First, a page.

“Honesty, empathy, and hard work are the old-fashioned tenants that never, ever change. And if you are heading into or have aspirations to be in management or leadership, you must never lose sight of the fact that your staff are the most important asset,” Stuart said.
“Without question, if you look at the long and difficult journey it takes to make a profit in any business, you can never lose sight that the core foundation is good staff – finding, developing, and retaining good staff. And in this current environment, it’s never been more critical.”
Like any successful businessman, Stuart can look back and pick out both decisions he feels he got really right, and some he would redo if he had the chance.
“I suppose the biggest one I got right was, given where I am now and what I do, is accepting the role with Ray. I had always admired the way Ray went about his business and at the time I was talking to him, there was another employment opportunity coming my way. I decided to go with Ray and looking back, that would be one of the best decisions I have ever made.
“On the other side of things, there is many, and to be honest, I think if anyone says they can’t look back and see how they could have done things better, they are either ignorant or they’re lying. We are human and we do make mistakes.
“There’s not one single thing that stands out where I go, ‘I stuffed that up,’ but there’s been a variety of business and personnel related issues where I look back and go, ‘I could have handled that better. I could have made a better choice.’
“But it’s no good looking back. Provided you learn from it of course – you have always got to learn from your mistakes, accept that other people make mistakes and just move forward. But yes, I’ve made some clangers in poor appointments or poor business decisions, but that’s somewhat inevitable if you’re willing to throw the bat and take a risk. Look back only enough to learn from the mistake, then go full steam ahead and don’t make it a second time.”

Away from the office, Stuart likes to spend time with his family and says he is hoping to find more time for hobbies in the future.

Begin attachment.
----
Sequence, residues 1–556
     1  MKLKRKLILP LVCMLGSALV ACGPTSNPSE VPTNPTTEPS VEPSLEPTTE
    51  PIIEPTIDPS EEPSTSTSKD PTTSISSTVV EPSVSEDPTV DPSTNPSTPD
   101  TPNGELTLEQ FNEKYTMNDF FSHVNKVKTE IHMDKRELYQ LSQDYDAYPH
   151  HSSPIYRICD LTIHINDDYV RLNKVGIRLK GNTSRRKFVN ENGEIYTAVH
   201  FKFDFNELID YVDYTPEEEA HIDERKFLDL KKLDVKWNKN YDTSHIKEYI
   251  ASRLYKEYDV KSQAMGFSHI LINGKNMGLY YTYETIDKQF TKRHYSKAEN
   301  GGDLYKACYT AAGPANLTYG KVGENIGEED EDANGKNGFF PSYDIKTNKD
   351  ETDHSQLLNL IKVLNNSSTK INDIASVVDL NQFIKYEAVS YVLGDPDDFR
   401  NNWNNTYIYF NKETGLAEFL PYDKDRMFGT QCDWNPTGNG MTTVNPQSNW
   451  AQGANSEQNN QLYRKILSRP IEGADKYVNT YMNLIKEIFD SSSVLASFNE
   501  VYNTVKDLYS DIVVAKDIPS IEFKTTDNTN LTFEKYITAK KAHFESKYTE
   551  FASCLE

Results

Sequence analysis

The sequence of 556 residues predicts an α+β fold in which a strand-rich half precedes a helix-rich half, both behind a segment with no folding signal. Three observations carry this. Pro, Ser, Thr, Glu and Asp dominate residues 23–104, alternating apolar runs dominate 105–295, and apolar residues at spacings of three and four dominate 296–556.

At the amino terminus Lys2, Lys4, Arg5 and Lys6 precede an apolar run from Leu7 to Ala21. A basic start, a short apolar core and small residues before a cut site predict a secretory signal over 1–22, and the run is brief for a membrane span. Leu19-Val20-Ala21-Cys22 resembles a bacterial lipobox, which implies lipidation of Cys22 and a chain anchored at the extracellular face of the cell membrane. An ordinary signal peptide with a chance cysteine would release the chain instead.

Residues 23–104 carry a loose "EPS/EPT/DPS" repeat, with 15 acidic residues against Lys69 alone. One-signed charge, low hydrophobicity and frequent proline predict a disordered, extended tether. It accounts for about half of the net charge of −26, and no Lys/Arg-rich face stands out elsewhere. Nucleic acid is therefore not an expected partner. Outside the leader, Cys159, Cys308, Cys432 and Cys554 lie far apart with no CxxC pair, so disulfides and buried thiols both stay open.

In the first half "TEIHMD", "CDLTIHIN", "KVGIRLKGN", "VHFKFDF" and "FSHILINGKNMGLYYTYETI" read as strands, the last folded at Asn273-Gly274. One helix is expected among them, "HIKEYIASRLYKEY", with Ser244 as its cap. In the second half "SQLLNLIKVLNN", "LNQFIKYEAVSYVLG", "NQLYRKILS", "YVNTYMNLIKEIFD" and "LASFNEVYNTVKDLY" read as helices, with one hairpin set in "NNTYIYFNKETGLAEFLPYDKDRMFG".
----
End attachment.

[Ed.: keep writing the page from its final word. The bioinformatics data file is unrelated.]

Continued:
“I don’t do enough (hobbies) – ask my wife and she’ll tell you that. I mean, there’s no doubt that in roles such as mine, it’s not a nine to five, it’s not a 40- or 50-hour week job. Past times outside of work are minimal, but I enjoy tinkering around the shed. I don’t have a hobby car, but I do like just getting out, mucking around the shed, finding time to do whatever it is around the house,” Stuart said.
“It’s a cliché, but I love spending time with the family. I’ve got grown up kids, a 21-year-old daughter and 18-year-old son. Their interests have grown into their own world and my wife and I love being part of those.
“I’m also a passionate follower of the Australian Supercars – not withstanding the fact that we now sponsor one!” he smiled. “I’ve followed them all my life from the Dick Johnson and Peter Brock days, right through to now. I also love my Collingwood Football Club and I love helping out my son with his local footy team.
“Family’s everything to me. It’s the way I was brought up, the way my wife was brought up. Christmas is one of our highlights of the year, but it’s not because we get gifts. It’s because we’re all together.
“Family’s number one and without a question, it’s our biggest priority. But further to that, it’s one of the fundamental tenants of R&J Batteries.
“I’m not here to plug R&J, but we’re a privately owned company owned by Ray and Rhonda Robson. And we have the luxury, if you like, of being a family owned business. We can make decisions at a variety of levels that promote the wellbeing of families.
“And most businesses will say staff are important but very few have the luxury of being able to make a decision in a family orientated way.
“Unfortunately, bigger businesses sometimes have board shareholders, stakeholders and so on that would look more towards the dollar. Whereas I have the good fortune of working for a genuinely family owned business that holds those values.
“It’s very important to me and It’s very important to Ray and that’s reflected throughout the business.”